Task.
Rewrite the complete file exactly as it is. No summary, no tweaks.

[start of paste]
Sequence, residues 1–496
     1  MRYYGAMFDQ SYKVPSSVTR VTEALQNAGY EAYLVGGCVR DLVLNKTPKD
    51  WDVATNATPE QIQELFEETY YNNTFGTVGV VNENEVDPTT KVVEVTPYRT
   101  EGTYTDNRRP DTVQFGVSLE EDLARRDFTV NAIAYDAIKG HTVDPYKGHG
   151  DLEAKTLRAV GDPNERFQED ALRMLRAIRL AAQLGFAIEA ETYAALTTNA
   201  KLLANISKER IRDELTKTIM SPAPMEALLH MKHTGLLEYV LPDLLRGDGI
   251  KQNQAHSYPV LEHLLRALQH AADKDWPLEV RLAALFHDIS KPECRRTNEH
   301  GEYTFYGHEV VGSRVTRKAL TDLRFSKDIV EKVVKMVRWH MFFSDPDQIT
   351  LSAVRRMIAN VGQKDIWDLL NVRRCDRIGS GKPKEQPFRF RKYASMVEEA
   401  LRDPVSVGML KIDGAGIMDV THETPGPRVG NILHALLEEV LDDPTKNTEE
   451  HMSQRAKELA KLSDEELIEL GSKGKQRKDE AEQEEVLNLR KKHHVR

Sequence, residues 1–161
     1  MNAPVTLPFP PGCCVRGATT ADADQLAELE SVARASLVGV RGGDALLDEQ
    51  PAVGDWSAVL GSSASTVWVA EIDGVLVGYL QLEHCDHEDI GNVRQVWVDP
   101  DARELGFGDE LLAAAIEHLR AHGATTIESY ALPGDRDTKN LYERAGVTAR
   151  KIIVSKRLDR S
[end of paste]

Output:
Sequence, residues 1–496
     1  MRYYGAMFDQ SYKVPSSVTR VTEALQNAGY EAYLVGGCVR DLVLNKTPKD
    51  WDVATNATPE QIQELFEETY YNNTFGTVGV VNENEVDPTT KVVEVTPYRT
   101  EGTYTDNRRP DTVQFGVSLE EDLARRDFTV NAIAYDAIKG HTVDPYKGHG
   151  DLEAKTLRAV GDPNERFQED ALRMLRAIRL AAQLGFAIEA ETYAALTTNA
   201  KLLANISKER IRDELTKTIM SPAPMEALLH MKHTGLLEYV LPDLLRGDGI
   251  KQNQAHSYPV LEHLLRALQH AADKDWPLEV RLAALFHDIS KPECRRTNEH
   301  GEYTFYGHEV VGSRVTRKAL TDLRFSKDIV EKVVKMVRWH MFFSDPDQIT
   351  LSAVRRMIAN VGQKDIWDLL NVRRCDRIGS GKPKEQPFRF RKYASMVEEA
   401  LRDPVSVGML KIDGAGIMDV THETPGPRVG NILHALLEEV LDDPTKNTEE
   451  HMSQRAKELA KLSDEELIEL GSKGKQRKDE AEQEEVLNLR KKHHVR

Sequence, residues 1–161
     1  MNAPVTLPFP PGCCVRGATT ADADQLAELE SVARASLVGV RGGDALLDEQ
    51  PAVGDWSAVL GSSASTVWVA EIDGVLVGYL QLEHCDHEDI GNVRQVWVDP
   101  DARELGFGDE LLAAAIEHLR AHGATTIESY ALPGDRDTKN LYERAGVTAR
   151  KIIVSKRLDR S